Jaunpur, ‘the Shiraz of the East’:

The city of Jaunpur, situated on the river Gomati, 34 miles away from Varanasi towards the north-east, was the capital of the state of Jaunpur. On account of its being the centre of learning, art and architecture, it came to be known as ‘Shiraj of the East’.

Many rulers of this dynasty were great patron of culture. Ibrahim Shah who ruled from 1402 to 1436 made a special contribution. Men of letters, poets and scholars and saints used to assemble at Jaunpur and shed luste on it. Malik Muhammad Jaisi, the author of the well-known Hindi work ‘Padmavat’ lived at Jaunpur.

Jaunpur was beautified with magnificent buildings which included several mosques and mausoleums. The Atal Masjid is the most enduring achievement of Sharqi architecture.


Till the middle of the 14th century A.D., Kashmir remained a Hindu Kingdom with the vast majority of the Hindu population. It also remained nearly unaffected from the influence of the Delhi Sultans. It became a province of the Mughal Empire in 1586 under Akbar.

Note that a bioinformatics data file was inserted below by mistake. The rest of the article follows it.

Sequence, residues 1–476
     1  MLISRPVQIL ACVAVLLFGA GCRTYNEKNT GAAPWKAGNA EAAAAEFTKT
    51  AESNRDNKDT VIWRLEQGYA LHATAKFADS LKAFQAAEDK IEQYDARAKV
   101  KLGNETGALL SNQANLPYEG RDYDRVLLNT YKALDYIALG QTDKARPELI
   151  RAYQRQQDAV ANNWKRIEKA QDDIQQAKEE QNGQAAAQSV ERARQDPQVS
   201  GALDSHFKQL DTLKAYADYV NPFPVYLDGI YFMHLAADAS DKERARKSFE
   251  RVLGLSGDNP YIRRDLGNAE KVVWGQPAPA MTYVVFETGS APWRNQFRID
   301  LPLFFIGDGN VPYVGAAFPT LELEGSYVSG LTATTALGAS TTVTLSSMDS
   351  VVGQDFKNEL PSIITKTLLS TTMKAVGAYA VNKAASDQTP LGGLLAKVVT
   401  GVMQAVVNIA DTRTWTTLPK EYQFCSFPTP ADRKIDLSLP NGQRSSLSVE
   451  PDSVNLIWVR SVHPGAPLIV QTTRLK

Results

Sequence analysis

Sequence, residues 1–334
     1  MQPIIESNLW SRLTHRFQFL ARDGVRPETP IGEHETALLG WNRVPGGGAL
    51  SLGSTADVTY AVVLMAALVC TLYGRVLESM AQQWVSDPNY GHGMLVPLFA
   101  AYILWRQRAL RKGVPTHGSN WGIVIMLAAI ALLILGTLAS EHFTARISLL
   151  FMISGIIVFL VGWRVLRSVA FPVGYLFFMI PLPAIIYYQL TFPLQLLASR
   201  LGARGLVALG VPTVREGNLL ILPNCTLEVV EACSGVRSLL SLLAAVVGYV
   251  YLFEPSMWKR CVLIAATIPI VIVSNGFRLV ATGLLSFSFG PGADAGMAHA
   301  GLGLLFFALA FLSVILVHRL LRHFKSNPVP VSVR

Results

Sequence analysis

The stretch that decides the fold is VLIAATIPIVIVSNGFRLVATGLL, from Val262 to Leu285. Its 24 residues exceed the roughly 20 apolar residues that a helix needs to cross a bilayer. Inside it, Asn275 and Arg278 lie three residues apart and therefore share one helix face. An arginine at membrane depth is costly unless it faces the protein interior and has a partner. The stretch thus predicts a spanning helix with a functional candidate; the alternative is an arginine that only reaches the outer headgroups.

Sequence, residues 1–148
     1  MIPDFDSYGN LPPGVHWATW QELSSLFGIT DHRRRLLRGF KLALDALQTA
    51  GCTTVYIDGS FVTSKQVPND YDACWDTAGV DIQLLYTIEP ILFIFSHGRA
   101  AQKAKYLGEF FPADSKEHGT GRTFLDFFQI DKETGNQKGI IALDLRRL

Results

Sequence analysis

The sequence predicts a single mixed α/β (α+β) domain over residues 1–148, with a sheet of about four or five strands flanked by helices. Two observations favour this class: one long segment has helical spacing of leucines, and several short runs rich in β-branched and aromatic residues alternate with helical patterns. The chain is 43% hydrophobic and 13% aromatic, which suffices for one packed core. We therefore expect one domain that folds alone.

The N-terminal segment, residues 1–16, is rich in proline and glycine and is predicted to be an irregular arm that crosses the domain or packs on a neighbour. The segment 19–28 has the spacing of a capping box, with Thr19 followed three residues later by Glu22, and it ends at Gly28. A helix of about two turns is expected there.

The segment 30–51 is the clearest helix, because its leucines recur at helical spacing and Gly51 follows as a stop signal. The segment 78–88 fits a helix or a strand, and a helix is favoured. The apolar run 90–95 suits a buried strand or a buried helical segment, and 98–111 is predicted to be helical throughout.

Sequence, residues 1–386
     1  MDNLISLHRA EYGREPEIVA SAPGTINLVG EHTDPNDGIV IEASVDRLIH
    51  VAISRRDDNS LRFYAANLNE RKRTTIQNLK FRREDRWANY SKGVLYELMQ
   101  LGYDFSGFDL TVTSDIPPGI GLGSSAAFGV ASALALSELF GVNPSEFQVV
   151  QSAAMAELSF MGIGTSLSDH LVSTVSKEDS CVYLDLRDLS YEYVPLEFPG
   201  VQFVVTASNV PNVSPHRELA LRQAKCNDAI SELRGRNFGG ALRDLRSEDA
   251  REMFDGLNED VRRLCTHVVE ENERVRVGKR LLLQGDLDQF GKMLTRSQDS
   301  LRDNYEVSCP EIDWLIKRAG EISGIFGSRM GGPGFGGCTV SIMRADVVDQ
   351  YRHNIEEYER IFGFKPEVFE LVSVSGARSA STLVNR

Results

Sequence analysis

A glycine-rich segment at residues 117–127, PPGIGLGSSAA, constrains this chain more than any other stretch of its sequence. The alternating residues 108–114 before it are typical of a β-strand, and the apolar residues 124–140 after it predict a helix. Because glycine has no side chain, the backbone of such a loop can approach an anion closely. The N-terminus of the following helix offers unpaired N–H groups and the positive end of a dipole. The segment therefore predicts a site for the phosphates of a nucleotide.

In 1315, Shah Mirza, a Muslim adventurer from Persia entered the service of a Hindu ruler. After the death of Udayana, the ruler of Kashmir in 1338m his wife took up the administration of the state in her hands as the sons were minors. By then Shah Mirza had become quite powerful. He imprisoned the queen and her sons and himself became the ruler of Kashmir.

Sikander Shah and Zainul Abidin were the two most important rulers of Kashmir during the medieval period. However, both of them were diametrically opposed.

Sikander Shah (1389-1413):

He was a great bigot. He ordered that all Brahamans and learned Hindus should embrace Islam or leave the valley. He destroyed several temples. He got the title ‘But-Shikani’ (Idol-breaker). It is said that only a few families of the Brahamans were left in Kashmir, as others were either converted to Islam or turned out of Kashmir.